I just love cake detectives!

post #8 of 48

Is it me or from the smudges of brown frosting on the back of the box, does it look like maybe she slammed on the brakes, stopped too quick and the cake tipped forward & up hitting the front of the box and then set back down?  That would explain the cracking, etc. of the bottom tier only.  I'm thinking this is not your fault, you appear to have doweled it correctly, etc.  She either had to stop quick for something or totally forgot she had a delicate item in the back and didn't drive accordingly.

 

One of the terms in my contract specifically states:

"If you or your representative elect to pick up and set up the cake, you assume all liability and responsibility for the condition of the cake once it leaves my location". 

 

This covers me from these types of incidents.  However if I felt it was truly something I did wrong, then yes, I would offer a refund or something.  In a case like this where you don't appear to be at fault, I wouldn't.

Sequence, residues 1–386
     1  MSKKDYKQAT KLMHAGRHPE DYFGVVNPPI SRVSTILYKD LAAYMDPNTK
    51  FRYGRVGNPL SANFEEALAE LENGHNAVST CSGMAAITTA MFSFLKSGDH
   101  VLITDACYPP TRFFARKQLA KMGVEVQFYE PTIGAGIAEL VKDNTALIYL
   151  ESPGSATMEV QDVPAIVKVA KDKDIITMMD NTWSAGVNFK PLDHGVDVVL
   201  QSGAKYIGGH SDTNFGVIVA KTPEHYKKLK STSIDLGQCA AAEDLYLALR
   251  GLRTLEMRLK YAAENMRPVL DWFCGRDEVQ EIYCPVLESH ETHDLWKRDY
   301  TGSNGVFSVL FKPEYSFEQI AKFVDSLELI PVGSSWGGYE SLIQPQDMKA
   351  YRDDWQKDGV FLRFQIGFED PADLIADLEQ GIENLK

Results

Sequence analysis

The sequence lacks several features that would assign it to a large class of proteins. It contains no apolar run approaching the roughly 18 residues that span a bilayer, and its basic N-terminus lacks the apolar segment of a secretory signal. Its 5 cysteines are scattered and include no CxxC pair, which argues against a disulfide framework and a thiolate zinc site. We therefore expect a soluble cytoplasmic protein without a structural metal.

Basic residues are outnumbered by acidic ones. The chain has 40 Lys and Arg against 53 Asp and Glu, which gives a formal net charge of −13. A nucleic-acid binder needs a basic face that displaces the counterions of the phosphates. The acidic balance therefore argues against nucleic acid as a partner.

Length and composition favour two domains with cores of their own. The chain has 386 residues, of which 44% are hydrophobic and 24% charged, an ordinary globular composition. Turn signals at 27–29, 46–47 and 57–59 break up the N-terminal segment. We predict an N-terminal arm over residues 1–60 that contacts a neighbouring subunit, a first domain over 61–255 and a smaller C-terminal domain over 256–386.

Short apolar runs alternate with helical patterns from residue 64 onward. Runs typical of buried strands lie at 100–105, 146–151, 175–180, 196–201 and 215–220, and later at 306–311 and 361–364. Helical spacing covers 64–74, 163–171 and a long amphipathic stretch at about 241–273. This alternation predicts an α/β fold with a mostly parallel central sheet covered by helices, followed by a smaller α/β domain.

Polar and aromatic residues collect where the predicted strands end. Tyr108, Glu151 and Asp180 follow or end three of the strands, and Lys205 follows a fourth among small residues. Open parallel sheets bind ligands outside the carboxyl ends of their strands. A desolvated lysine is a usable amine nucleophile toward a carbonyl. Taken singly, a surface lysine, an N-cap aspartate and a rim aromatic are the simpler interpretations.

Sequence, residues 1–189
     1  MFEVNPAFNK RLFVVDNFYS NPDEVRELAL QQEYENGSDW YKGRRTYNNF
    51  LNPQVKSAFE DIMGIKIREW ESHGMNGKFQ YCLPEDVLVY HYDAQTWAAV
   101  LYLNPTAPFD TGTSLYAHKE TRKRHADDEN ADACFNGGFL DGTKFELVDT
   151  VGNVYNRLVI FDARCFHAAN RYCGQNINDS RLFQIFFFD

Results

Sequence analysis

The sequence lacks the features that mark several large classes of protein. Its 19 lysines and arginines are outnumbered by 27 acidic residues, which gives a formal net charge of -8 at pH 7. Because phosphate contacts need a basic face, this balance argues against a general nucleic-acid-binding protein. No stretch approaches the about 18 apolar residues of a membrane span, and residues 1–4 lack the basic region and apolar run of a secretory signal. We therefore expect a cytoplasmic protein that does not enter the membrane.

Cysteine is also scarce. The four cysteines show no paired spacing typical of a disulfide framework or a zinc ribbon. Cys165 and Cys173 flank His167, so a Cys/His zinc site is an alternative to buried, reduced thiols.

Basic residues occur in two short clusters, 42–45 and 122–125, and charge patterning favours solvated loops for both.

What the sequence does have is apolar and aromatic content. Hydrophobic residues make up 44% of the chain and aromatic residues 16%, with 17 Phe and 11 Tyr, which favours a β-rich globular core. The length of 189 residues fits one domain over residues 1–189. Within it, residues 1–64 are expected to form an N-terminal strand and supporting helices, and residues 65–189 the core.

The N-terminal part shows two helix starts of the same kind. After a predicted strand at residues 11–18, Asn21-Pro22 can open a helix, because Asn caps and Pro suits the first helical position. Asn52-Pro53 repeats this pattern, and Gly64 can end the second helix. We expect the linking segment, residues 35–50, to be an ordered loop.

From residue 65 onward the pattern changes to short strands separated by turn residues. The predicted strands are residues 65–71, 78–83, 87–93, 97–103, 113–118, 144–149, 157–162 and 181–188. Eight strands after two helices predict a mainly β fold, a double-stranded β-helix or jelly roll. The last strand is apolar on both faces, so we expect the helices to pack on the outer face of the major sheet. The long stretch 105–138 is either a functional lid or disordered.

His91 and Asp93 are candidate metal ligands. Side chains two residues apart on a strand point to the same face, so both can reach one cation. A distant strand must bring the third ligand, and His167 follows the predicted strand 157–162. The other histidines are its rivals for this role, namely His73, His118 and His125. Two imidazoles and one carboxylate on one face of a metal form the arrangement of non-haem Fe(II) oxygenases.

Good Luck.

post #9 of 48
Quote:
Originally Posted by nhbaker View Post
 

Is it me or from the smudges of brown frosting on the back of the box, does it look like maybe she slammed on the brakes, stopped too quick and the cake tipped forward & up hitting the front of the box and then set back down?  That would explain the cracking, etc. of the bottom tier only.  I'm thinking this is not your fault, you appear to have doweled it correctly, etc.  She either had to stop quick for something or totally forgot she had a delicate item in the back and didn't drive accordingly.

 

One of the terms in my contract specifically states: